Managing the Enfield

Introduction > Rifle > Equipment > Ammunition > Shooting > Cleaning > Bedding


The choice of appropriate equipment to accompany your Enfield can be split between the essential and the optional.

Essentials are a bullet mould, a “Combination Tool”, and a means of measuring out powder charges accurately and safely. The usual moulds in use today are those designed for the American Burton style, cannelured, hollow based bullet which is lubricated with an appropriate grease (of which more later) and loaded straight on top of the powder charge without any wadding or paper wrapping. This is not the original bullet for the Enfield which was a paper patched smooth cylindro-conoidal projectile designed by Metford and Pritchett and subsequently modified by Boxer with an expanding plug in the base. These are far harder to make and commercially made modern moulds for them are not obtainable. The Burton bullet was designed for the American Springfield rifles which are substantially the same as the Enfields in the bore and rifling. Given the large United States market for muzzle loading shooters it is hardly surprising that the modern commercially made moulds should originate there. There are two basic mould models which vary only in the depth of the base cavity. A single mould with alternative base plugs will suffice for both Long and Short Rifles. The deep cavity gives a lighter bullet with characteristics which suit the rifling spiral of 78 inches. The shallow cavity and heavier weight of the alternative are best suited to the 48 inch spiral of the Naval and later Army Short Rifles. The ballistic reasoning behind this choice must be taken for granted. The original modern mould best known to all is the Lyman 575213 but similar ones are also made by Ohaus and others. The finished and greased bullets need a clean container which will prevent dust or grit contaminating the grease.

A Combination Tool is an essential requirement. Original examples can still be found and new working copies are made and can be bought from specialist dealers. These gadgets incorporate into one tool a nipple key, a pricker, an oil bottle, a screwdriver, a double pronged worm for cleaning, and tools for extracting jammed bullets. Those items intended to be passed down the bore will fit on to the end of the standard modern cleaning rod which, by great good fortune, has retained the original Enfield screw thread in use since the 1840’s or perhaps even earlier. They also include fixed jaws intended to allow removal of the mainspring of the lock when stripping it. This last fitting was limited on original tools to those for the use of Sergeants.

Combination tools – sergeant’s and private’s models

Enfield combination tools

Sergeant’s combination tool dismantled showing, large and small blade screwdriver, pointed piercer and screw for drawing jammed bullets and double worm for cleaning. The body incorporates a nipple key and pricker with a main spring clamp on the side, and internally is an oil bottle.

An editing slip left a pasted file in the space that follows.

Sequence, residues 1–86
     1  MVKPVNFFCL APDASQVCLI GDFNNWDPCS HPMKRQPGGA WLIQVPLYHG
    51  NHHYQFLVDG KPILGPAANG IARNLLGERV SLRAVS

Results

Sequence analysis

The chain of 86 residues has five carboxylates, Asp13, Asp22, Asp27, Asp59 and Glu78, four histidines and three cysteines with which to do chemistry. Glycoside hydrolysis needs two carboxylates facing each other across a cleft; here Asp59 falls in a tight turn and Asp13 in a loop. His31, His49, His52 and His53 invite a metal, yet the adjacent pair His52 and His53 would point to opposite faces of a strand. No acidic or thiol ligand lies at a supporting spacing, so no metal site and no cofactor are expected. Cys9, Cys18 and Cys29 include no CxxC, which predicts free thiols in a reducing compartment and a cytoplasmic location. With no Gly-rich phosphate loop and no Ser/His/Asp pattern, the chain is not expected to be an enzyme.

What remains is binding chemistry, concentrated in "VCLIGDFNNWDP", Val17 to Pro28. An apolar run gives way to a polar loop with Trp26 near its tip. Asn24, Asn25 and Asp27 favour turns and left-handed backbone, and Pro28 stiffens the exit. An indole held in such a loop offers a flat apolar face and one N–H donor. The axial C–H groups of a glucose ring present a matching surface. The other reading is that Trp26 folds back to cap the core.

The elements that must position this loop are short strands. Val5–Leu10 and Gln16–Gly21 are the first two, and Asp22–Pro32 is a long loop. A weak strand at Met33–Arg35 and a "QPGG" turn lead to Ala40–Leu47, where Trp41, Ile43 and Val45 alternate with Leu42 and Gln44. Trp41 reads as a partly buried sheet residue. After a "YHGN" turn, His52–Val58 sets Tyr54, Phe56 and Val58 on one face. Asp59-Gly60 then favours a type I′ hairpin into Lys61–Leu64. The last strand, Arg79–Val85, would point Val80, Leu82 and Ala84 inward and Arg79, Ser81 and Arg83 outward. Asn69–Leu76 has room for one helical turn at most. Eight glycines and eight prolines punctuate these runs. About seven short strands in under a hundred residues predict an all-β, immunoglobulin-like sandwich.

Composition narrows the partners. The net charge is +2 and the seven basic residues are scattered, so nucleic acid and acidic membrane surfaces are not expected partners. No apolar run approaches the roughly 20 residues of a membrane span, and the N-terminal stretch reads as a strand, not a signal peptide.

Enfield combination tool dismantled

Measuring the powder requires either a good quality flask with a measuring top or a set of powder scales and a number of small containers with lids to hold the individual charges.

Powder flask by Marsh
High quality powder flask by Marsh to the Hawksley Bissel design

The full list of other equipment must be left to the pocket and taste of the shooter and will in most cases be applicable to other styles or classes of shooting. But, for those who are seeking inspiration, here is a list of the items which the writer considers to be fairly normal. For the rifle itself — a sling, a flash shield to fit under the nipple, sight blacking (paint on, spray or carbide lamp), spare nipple and, should the butt plate be found to slip on contact with the shoulder, some self adhesive bandage of the Elastoplast type to provide a non slip surface. To be applied to the person of the shooter — a decent shooting jacket, a shooting glove for the forward hand, ear and eye protection, a hat, and a shooting mat to lie on. For use during the shoot — a telescope, a target record book with the appropriate target diagram, a pen or waterproof pencil, a small table to hold the loading equipment, with a notch to rest the barrel of the rifle in. For loading — a standard modern cleaning rod with a tip made in the form of the head of a ramrod; this can also be used as the cleaning rod although it is better to have two (the original fitted rod should be left in place and not moved), a plastic funnel to be inserted in the muzzle when pouring in the powder ( the long loading tube gives no advantage and takes up valuable space), and something in which to keep the percussion caps which should be left on the firing point as the act of capping can only be made when in the firing position. There is a useful accessory for this which keeps the caps in a brass container and delivers them one at a time straight onto the nipple.

Enfield P’61 short rifle showing the flash shield, known in the 1860s as a “Flash Pan”

Enfield P.61 Short Rifle

Capping device

Capping device